Monday, March 28, 2011

Phases of professional development


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The phases and reflections below are solely based on my own journey as a professional educator.  I welcome your feedback and your own perceptions about the different phases and outcomes of professional development.

Phase Description Purpose
1 Establish survive, overcome mistakes, establish voice and professional identity
2 Discover new interests, hidden/untapped talents, vision for my professional future
3 Seek and Prepare on the job, theory and practical, learn from others, expertise, confidence
4 Share and Lead mentoring, networking, presenting, clarity, effectiveness

Professional development phase 1:  Establish

In the fall of 1993, I began my first teaching job.  During the summer before, I crammed as many education courses into my schedule as I could because I had chosen to pursue a career in education, but having come to that decision late in my undergraduate work (it was actually the spring semester of my final year) I really knew nothing about being a teacher.  Some of those courses were helpful.  If nothing, I learned that the field of education was more complex than simply lesson plans and classroom management.

That first year, though, was mostly about lesson plans and classroom management.  Trying to keep my head above water and return for another day was first and foremost on my mind.  Sure, I made some mistakes – ok, I made PLENTY of mistakes, but I paid attention to the more senior members of the staff and learned as much as I could.

This pattern of internally focused professional development designed to establish my voice as a teacher and develop a professional identity lasted in some form for much of my first 4-5 years.

Professional development phase 2:  Discover

Professional development then made a gradual shift from establishing my professional presence to discovering my other interests in education and accepting that a new professional future is possible and desirable.  It was during this time that I changed my focus in education from teacher and coach to a future in administration.  This was the result of others seeing something in me (I still do not know what they saw) that compelled them to begin planting the seed that would eventually lead to my career shift in administration and leadership.

At first, I thought about athletic administration.  I pursued a graduate degree in Human Performance and Health Promotion.  What I discovered was that about 3/4 finished with this degree, I was interested in more than athletic administration.  I became Dean of Students for Upper School and applied for acceptance in a doctoral degree program in educational leadership.  I discovered I had interests in leading schools in the highest positions.  The performance feedback I received suggested that I had some talents conducive to high level leadership positions, with the proper training and knowledge.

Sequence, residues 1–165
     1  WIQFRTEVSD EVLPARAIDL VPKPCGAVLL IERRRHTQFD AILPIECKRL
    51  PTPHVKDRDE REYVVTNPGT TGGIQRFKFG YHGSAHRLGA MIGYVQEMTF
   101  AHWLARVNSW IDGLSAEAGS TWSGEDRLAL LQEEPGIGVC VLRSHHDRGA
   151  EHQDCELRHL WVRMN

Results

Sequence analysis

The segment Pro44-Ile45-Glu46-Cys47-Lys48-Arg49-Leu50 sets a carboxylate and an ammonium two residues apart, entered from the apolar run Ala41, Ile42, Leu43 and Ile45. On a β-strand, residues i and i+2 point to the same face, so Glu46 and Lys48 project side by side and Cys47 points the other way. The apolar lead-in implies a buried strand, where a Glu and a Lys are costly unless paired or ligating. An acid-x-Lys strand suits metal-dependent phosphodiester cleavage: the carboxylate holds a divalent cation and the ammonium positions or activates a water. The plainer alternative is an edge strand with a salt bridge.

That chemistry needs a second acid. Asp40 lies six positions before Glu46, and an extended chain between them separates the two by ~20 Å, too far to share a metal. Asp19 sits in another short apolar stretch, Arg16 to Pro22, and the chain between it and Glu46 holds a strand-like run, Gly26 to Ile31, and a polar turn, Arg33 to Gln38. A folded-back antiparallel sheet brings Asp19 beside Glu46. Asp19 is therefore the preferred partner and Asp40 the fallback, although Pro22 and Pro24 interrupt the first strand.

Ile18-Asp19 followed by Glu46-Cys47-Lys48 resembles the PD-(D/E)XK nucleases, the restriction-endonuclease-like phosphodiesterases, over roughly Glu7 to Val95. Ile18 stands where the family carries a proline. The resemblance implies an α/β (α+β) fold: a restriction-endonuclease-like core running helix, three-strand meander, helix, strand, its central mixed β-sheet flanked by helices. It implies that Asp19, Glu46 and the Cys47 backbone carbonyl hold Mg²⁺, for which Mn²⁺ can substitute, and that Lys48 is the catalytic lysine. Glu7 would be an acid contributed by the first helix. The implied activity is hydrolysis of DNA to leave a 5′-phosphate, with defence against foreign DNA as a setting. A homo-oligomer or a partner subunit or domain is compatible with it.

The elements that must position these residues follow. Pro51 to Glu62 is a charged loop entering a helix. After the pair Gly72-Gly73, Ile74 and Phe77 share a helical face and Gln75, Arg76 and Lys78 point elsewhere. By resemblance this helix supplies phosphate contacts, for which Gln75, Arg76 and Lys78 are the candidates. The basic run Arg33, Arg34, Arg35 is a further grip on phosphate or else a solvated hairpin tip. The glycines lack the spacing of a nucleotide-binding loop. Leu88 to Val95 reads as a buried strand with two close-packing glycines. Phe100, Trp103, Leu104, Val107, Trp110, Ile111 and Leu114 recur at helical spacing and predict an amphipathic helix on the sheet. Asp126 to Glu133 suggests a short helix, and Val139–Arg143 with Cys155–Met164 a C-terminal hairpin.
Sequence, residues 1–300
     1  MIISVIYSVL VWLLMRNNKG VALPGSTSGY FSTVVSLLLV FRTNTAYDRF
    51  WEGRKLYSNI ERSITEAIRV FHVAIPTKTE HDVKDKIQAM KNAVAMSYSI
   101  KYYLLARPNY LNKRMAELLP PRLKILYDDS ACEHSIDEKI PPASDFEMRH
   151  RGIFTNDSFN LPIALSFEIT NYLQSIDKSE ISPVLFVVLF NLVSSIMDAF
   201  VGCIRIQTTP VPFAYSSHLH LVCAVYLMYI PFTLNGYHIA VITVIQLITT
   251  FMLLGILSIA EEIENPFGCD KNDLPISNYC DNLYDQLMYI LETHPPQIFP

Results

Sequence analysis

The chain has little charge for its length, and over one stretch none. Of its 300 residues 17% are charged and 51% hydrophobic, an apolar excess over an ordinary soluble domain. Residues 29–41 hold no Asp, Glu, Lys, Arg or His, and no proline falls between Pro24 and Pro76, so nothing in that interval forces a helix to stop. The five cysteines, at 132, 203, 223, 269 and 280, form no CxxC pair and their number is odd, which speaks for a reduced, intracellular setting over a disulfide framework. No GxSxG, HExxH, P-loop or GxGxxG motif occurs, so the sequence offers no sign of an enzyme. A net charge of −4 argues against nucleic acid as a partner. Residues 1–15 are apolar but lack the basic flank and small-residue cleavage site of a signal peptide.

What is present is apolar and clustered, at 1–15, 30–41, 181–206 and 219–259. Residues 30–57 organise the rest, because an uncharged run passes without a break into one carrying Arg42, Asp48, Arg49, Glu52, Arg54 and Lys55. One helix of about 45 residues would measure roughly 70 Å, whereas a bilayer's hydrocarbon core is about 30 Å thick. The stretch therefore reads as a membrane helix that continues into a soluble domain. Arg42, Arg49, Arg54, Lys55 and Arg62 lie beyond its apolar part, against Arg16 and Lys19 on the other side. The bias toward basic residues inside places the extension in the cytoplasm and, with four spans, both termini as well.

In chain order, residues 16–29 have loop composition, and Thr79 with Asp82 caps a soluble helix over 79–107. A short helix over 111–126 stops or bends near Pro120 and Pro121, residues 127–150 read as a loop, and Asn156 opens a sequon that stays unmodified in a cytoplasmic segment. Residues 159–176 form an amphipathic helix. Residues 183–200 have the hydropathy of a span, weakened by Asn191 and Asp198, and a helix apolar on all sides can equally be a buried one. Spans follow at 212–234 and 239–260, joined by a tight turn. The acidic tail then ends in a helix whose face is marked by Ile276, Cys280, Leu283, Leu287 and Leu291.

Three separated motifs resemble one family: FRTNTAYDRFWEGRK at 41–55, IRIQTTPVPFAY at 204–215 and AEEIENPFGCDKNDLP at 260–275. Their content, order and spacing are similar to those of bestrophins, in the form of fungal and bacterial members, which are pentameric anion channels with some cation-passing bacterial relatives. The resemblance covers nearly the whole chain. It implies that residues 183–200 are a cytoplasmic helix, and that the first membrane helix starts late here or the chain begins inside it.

Professional development phase 3:  Seek and Prepare       

This phase is marked by tremendous changes in my life, both personal and professional.  Personally, this period includes: getting married, buying houses, having children, moving away form home, moving further away from home, and getting through and re-establishing life after Hurricane Katrina. 

Professionally, the changes include: seeking and finding a leadership mentor, finishing my M.Ed. and Ph.D., changing roles from Dean of Students to Assistant Principal then to a founding Head of School and eventually my current position - Head of Middle School.

Development for me during this time was the most diverse.  Of course, with graduate school, I was immersed in researching, writing, and discussing the theoretical issues related to educational leadership.  Practical knowledge came more from on the job training.  I learned many lessons from my own mistakes (similar to the first years of teaching), but just as often, I learned from the decisions and actions taken by the leaders with whom I was working.  Many times, I would take mental notes.  Usually, these notes were in the form of categorizing actions/decisions in one of two areas:

  1. When I am faced with a similar situation, I want to respond like that.
  2. When I am faced with a similar situation, I will never do what that person did.

Out of this phase, I developed a sense of “expertise” in matters related to educational leadership.  The other, and possibly most important, outcome of this phase was gaining the confidence I needed to put myself “out there” as such an expert and to seek greater leadership responsibilities.

Professional development phase 4:  Share and Lead  

I consider this the phase I currently inhabit.  Having said that, this phase is also the one that I believe is potentially the most powerful because by its nature sharing and leading imply effecting others.  In many ways, this is the “pay it forward” phase, but it is also extraordinarily introspective and reflective.

This phase is marked by a number of action steps on my part.  You are reading one.  I established this blog as part of my desire to share and lead.  Other examples include social networking (Twitter, Facebook, LinkedIn, etc.) and presenting/actively participating in conferences.

At my school, this phase clarifies how to lead and support teacher professional development as well as establish/implement new division-wide initiatives.

The future and conclusions

I’m not sure what the next phase will be for me.  That is what makes this so interesting.  I can look back on my career and up to this point see a path that is marked by successes and set backs.  Through it all, I have never waivered from the belief that what I am doing is important and worth every effort I put into it.

I continue to learn and grow.  Now, I also enjoy being a part of other educators’ journeys.

Thanks for including me in yours.

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